Thursday, December 13, 2018
The last video store in town
The last video store in central Auckland - a city of 1.6 million people - is closing down at the end of the month, and even though that day has been a long time coming, I'm more gutted by that than I thought I would be.
I honestly thought it would last longer, and that its focus on arthouse and film festival movies would keep it running with a loyal cinema-literate clientele, but it's been eaten up by the same entropy that has wiped out the entire video rental industry.
Like almost everyone else on the planet, I moved away from renting videos a few years ago, but it's still a bummer to see them go.
My life spent prowling up and down the video store aisles ended in 2015 when the store around the corner shut up shop. That was a genuinely shocking closure, because it was always packed and Steven, the excellent owner, still couldn't get the numbers to add up enough to keep it open.
Since then, I've kept up on the latest films through satellite TV service, getting my film fix from the six movie channels they have to offer. I have zero interest in streaming content, which means I'm missing out on a lot of great films by some of my very favourite creators, but the internet into our place is inexplicably munted, and it's impossible to watch a film without it getting stuck in a buffer zone, or restarting all over again.
Still, it's all so convenient now, with the sum total of cinema history available on my fucking phone, and able to be transmitted through the air to a giant television in the living room.
But it's not the same.
I still have an incredible fondness for the video store that'll never go away, because I literally spent hundreds and hundreds of hours cleaning out the shelves of shops in multiple cities around New Zealand. Getting through at least half a dozen films a week for years and years, getting through every single film in the arthouse and horror and science fiction and documentary and action sections.
And no algorithm based on previous viewings is ever going to match the enjoyment of wandering around a store, grabbing things at random, judging them by their lurid and often beautiful covers, trying to figure out if it's any good, based only on the breathless blurb and blurry photos on the back.
There was the straight-up joy of finding a film hat I'd been keen to see for years - I can still remember the thrill of a new store that opened in south Dunedin and had an impressive selection of Hammer horror classics - and there was the even bigger joy of getting into some random shit, or trying out my first John Carpenter or Sergio Leone or Tsui Hark films.
My favourite video store of all time is the Video Ezy housed in the lobby of the old Majestic Theatre in central Timaru (a cinema where I saw everything from Who Finds A Friend Finds A Treasure to Speed until it was replaced by the home video option.)
It had the best choice in town, and it took me years to get through everything they had to offer. When it first opened it had a fancy machine that would play any trailer you could want - a big fucking deal in the early 90s - and it as the only place in town to have The Killer and Withnail and I and Turkey Shoot and Doctor Who videos.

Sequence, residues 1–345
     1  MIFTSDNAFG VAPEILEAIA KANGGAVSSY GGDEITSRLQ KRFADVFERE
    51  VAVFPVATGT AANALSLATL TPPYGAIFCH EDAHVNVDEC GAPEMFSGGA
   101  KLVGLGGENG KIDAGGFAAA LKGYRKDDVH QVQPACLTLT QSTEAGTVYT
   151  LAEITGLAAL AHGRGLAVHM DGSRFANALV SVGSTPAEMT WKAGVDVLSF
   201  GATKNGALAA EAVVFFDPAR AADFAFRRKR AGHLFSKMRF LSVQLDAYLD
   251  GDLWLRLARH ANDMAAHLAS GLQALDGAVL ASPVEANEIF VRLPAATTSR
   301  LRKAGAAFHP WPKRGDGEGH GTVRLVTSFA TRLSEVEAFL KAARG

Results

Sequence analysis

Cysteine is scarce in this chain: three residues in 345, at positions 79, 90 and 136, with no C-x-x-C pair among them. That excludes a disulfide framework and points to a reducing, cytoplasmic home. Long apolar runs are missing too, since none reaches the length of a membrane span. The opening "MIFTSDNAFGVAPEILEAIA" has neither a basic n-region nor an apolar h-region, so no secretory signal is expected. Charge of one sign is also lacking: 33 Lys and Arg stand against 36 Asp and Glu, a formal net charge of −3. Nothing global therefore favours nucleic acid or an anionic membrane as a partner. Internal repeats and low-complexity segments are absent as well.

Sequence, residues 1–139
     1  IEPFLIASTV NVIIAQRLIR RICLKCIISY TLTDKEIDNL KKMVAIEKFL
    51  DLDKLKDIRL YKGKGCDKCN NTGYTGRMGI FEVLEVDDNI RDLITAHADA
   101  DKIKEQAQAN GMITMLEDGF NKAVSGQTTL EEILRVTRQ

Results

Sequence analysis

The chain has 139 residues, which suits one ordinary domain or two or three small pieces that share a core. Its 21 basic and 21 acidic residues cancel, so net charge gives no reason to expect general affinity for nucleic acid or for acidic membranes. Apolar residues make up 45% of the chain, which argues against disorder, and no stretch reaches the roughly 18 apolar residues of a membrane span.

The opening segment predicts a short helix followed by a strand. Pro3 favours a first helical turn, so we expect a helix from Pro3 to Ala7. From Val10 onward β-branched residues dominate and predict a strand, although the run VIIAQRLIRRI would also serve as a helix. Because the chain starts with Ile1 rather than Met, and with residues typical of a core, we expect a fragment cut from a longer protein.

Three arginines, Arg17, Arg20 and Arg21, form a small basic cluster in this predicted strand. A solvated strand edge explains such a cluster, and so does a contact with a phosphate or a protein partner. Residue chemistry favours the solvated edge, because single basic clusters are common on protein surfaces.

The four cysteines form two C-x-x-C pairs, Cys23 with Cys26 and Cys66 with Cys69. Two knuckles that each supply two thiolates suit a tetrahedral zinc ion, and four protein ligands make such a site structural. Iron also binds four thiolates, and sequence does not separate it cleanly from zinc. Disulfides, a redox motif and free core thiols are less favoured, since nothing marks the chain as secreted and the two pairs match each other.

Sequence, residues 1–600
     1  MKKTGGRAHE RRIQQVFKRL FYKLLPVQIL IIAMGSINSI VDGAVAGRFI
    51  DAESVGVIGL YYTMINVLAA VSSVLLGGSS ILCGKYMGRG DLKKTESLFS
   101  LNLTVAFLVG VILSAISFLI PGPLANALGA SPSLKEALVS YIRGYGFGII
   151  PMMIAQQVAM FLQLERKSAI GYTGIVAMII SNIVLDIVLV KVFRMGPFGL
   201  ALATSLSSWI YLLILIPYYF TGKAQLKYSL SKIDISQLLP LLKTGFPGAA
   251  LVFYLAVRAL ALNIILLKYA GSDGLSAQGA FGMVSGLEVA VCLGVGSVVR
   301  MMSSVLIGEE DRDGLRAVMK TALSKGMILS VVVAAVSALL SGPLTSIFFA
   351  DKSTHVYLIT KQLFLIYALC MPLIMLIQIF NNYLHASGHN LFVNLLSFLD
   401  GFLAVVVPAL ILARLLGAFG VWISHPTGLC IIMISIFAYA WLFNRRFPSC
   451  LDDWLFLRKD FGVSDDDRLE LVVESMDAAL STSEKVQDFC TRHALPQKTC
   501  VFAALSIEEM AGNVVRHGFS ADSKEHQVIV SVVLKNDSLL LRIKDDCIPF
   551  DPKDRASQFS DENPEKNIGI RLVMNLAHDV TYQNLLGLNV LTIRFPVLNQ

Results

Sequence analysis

It closed down a few years ago, but nobody has moved into its spot yet, so the last posters put up by the Video Ezy team are still showing out on the street, and everybody in Timaru has now seen the poster for Outlander, the vikings vs aliens films with Jim Caviezel, more than any other movie poster in the town's history.
Video stores used to be a big business when there weren't so many entertainment options coming down the phone line. Some stores would do tens of thousands of dollars in business on a Saturday night, especially if it was rubbish weather outside.
But the lack of those Saturday night crowds got more and more noticeable over the past decade, until the internet finally started delivering on its promise of endless content, and nobody bothered going out in the world to seek their film entertainment, when it could just come to them.
There were some small advantages in all these store closures, because anybody looking to build up their own collection could get dozens of titles without paying huge amounts. Liquidated stock would be going out the door for crazy low prices, and no shop ever had the exact same stock as everybody else, so there were always gems to find.
Half my DVD collections, which numbers in the hundreds of discs, came from these sales. Ex-rental discs were sometimes scuffed and scratched, but when they were only a couple of bucks each, it wasn't hard to pick up rare classics and that piece-of-shit film you always had an inexplicable fondness for.
This last closure of the last store is one last chance. While the last few closures have been stores that were full of the same shit as everybody else, this is the place to get the really rare stuff - old pastoral horror films, early Argento and Cronenberg, and silent films from the 1920s, all for five bucks each. I couldn't let those go.
I'm mourning the loss of the entire industry, but I can celebrate that some of these films are going to a good home.
But still, it's all over now. There are no more video stores in town, and while there will always be more movies to watch, there won't be a specific place to go to and get them.
No more wandering down the aisles, looking for anything to stave off terminal boredom. No more scanning the new release shelf, to see if that one film you've been waiting to see for ages is going to show. No more hidden gems brought out into the light through the power of browsing.
We've all moved on, and left video stores to history. But they'll always have a special place in my heart, as somewhere I could go and get lost in an entire history of cinematic excellence and shlock, all on the shelves together.